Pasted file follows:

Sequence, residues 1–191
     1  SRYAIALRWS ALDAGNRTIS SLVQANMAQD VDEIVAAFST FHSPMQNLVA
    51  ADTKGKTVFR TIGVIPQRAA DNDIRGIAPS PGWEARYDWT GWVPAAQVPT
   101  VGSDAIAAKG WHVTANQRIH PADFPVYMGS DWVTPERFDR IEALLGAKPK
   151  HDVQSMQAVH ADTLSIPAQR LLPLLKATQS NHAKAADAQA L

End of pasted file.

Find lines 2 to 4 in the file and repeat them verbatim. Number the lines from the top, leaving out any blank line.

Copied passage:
     1  SRYAIALRWS ALDAGNRTIS SLVQANMAQD VDEIVAAFST FHSPMQNLVA
    51  ADTKGKTVFR TIGVIPQRAA DNDIRGIAPS PGWEARYDWT GWVPAAQVPT
   101  VGSDAIAAKG WHVTANQRIH PADFPVYMGS DWVTPERFDR IEALLGAKPK